Posted by: lukelavan | September 16, 2008

12-13 Sept 2008 Domestic disasters, a deluge and donors

 

 

My apologies for the absence of posts in the last few days, which have been amongst the most stressful of my sheltered life. This stress was primarily caused by the discovery that our good value campsite was not licenced. We had to leave immediately, for a more expensive campsite. Having spent 1000 pounds and much effort on transforming a field into a comfortable camp site, the team were utterly demoralised. We set about dismantling our achievement. Tempers frayed and soon 3m cubed of portable toilets and digging equipment piled up at the side of the road as the skies turned to a heavy grey. Eight hours later I arrived myself at the new camp site and came across a field occupied by our distinctive blue tents and a thoroughly exhausted team strewn out over the few folding chairs that had not broken, amidst piles of our boggled and dirty equipment. At that point the air was ominously heavy. I sprang into dynamic dictator mode and ran about yelling at the students to get the equipment into the one chalet we had hired. I thought this might be the end of the project. Most of the students seem never to have seen a mediterranean thunderstorm there was a real risk of damage. But practically everything got under cover in time – before over a bucketfull of water came tumbling down and spectacular lightning made direct strikes on teees in our campsite, to the sound of deafening bangs.

 

Yet the intense downpour was not enough to break the big blue tents which I had bought for 50 quid each on amazon. Unfortunately Axel Gering the project co-director was not so lucky. His tent had accidentally been left open and duly received a soaking, to his books, computer and most seriously to the project food receipts he had hoped to have reimbursed. He sat on the wet ground in the dark in despair eventually retreating to the relative comfort of his car and a bottle of red wine. It was the worst day he had had for a long time. In the dry chalet i was greeted by chaos, and part of the team – including my wife, who wished to leave on the next available flight. There was nothing to clean anything with or restore a semblance of normality – all cleaning stuff was mixed up with our various hurriedly gathered possessions. I was desperate to stop this happening so flew into a tidying frenzy in an attempt to restore morale. The catalyst for action was a cup of washing up liquid borrowed from a neighbour and then cleaning began.A promise of 1,000 pounds emergency money from Kent arrived which has enabled us to cover the cost of the campsite. Then today a private donation was promised which will help significantly to restore our dented bank balances – as the project has had an overspend of around 5000 pounds due to the various trials and tribulations we have faced. I think all our credit cards had now stopped working and this will enable us to keep students both fed and housed for the next two weeks.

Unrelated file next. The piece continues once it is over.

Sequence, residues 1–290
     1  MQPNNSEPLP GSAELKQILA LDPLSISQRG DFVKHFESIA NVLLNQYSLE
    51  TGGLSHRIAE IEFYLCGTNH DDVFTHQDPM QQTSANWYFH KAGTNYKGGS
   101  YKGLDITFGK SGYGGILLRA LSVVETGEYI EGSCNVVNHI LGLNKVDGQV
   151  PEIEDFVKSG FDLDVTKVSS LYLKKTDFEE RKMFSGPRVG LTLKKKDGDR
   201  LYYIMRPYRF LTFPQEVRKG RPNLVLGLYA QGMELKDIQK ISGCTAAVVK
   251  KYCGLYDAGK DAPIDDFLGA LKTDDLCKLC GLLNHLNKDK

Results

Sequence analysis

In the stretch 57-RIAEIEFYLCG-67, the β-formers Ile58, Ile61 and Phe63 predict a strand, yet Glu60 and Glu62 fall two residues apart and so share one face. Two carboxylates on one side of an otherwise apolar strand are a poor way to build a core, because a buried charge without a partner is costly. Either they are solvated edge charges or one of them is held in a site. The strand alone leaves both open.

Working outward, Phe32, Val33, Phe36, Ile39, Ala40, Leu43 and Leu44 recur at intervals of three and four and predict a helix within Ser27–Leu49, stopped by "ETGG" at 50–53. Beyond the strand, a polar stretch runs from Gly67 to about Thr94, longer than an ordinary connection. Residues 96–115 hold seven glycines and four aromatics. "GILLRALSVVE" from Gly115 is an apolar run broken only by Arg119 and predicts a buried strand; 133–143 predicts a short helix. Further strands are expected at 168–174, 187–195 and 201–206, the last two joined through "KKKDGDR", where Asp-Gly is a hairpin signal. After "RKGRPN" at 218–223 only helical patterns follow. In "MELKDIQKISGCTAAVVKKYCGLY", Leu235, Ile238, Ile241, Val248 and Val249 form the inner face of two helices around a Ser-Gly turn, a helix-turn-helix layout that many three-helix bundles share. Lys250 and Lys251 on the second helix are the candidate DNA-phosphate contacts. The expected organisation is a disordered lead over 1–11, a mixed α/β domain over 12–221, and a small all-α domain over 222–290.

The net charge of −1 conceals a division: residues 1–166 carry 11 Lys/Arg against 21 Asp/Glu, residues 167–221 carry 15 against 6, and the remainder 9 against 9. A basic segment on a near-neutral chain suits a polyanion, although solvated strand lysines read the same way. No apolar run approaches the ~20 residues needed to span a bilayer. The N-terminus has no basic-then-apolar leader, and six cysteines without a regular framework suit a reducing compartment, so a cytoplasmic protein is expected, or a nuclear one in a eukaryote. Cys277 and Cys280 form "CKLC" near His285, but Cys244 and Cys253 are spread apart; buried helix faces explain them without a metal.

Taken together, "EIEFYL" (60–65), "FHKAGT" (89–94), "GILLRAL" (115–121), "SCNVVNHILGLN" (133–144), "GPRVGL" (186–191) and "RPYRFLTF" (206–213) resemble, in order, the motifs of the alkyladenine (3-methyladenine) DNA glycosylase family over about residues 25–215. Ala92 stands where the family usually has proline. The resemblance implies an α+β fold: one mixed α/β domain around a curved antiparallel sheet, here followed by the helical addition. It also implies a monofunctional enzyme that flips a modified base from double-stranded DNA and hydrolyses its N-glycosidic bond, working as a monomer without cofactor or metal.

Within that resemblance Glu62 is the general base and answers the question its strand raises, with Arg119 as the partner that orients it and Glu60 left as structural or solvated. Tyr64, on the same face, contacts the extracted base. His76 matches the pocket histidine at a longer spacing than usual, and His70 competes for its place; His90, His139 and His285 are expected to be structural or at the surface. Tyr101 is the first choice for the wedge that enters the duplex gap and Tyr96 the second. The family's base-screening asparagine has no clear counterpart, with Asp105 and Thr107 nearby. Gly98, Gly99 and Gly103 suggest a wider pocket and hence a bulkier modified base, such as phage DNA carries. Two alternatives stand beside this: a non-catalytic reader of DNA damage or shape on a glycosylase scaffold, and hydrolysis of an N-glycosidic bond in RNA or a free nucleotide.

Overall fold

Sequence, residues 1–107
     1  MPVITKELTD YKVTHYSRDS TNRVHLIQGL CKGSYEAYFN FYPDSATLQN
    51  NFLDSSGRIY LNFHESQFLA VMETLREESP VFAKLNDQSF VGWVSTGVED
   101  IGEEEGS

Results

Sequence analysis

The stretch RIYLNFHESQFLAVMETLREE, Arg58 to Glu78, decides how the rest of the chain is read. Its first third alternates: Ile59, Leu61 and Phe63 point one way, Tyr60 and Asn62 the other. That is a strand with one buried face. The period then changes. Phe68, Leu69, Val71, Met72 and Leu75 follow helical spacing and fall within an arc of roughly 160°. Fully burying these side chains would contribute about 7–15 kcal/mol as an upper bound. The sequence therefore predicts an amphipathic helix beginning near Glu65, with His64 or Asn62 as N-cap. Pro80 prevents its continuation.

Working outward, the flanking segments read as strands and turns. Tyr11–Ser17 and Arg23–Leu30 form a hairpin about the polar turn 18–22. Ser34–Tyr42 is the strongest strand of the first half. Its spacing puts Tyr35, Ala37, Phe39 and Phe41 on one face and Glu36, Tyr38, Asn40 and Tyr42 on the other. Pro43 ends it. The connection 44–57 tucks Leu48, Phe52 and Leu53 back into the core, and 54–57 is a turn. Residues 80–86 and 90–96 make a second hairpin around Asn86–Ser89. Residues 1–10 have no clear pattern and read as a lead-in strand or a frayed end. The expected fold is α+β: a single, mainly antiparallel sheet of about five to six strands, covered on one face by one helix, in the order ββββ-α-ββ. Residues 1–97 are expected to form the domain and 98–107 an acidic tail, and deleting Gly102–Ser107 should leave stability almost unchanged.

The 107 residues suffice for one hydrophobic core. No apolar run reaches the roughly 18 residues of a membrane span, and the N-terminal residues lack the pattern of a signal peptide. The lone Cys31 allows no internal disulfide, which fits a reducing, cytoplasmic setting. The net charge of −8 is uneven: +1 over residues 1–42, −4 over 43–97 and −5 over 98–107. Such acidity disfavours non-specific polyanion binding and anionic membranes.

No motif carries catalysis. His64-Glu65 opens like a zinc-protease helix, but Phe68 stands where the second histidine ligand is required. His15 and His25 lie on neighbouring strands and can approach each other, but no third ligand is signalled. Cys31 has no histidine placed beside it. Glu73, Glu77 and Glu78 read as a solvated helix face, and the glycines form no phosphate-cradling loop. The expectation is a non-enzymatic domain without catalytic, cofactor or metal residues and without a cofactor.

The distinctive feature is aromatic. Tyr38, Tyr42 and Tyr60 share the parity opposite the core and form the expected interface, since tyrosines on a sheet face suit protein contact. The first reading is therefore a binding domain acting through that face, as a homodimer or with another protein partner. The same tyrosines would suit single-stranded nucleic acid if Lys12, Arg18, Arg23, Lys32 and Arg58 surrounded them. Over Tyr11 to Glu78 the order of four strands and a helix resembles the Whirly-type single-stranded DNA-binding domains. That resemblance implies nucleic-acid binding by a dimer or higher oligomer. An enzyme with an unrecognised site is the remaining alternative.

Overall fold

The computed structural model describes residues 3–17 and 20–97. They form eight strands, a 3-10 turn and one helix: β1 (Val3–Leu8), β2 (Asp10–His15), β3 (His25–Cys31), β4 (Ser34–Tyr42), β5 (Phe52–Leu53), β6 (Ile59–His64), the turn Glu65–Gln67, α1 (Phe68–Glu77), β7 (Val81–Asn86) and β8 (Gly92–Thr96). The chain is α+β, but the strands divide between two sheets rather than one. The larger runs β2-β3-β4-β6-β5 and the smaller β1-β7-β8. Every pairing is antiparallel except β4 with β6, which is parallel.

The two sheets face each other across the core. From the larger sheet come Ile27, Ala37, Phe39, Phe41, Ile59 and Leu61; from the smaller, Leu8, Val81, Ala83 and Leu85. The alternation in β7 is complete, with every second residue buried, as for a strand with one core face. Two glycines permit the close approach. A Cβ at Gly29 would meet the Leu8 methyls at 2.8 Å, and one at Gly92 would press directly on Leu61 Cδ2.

But despite all this the digging is progressing. Work on the facade of the entrance has been particularly spectacular. Cleaning is now complete and the phasing is becoming clearer. Drawing is underway. Here we are dealing with a vaulted entrance hall with monumental steps entering up from the main street, between piers that porbably carried arcaded entrances and were possibly graced by a columnart facade and pieces of statuary, found on the street surface infront. There seems to have been a phase of shops in the early second century which were replaced by the present portico which may be third or early fourth century. This portico is associated with a series of re-used travertine blocks lying in front of the pier of each portico. We hope to date them easily as the foundation trench of one such base was celarly visible and full of finds.

 

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Finally we have noticed that in a later phase of the forum complex the inner piers of the hall were demolished to create extra space on the forum, though the facade itself was retained. We have a specialist studying the columned architecture of the facade, which has revealled a third century inscription re-used as part of an architrave. Elsewhere on site cleaning of the one area of surviving paving has revealled 4th c. coins- more nummi, whilst visitors are increasingly impresed by our collection of small finds, especially the glass. Hopefully we can get pictures on the blog relatively soon. A spectacular new inscription deserves a page of its own.

 

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Luke Lavan 15/09/2008

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Responses

  1. To my dear Ostia family I send you greetings from a grey, chilly Dover. I am missing you all! I hope you have dried out now and are settled in at the the new campsite. I finished my washing yesterday (some things have gone through the machine 3 times and are still a dirty brown round the edges!) and am now sat at my desk in a dark gloomy office ploughing through emails of the most boring kind! Ostia already seems so long ago and so far away, so make sure you enjoy your last 2 weeks there and find some amazing evidence of late antique Ostia. MORE PICTURES PLEASE!! Vx

  2. Sorry to hear that things aren’t going as smoothly as you’d all hoped. The site appears to be producing some interesting features. I look forward to the next installment.


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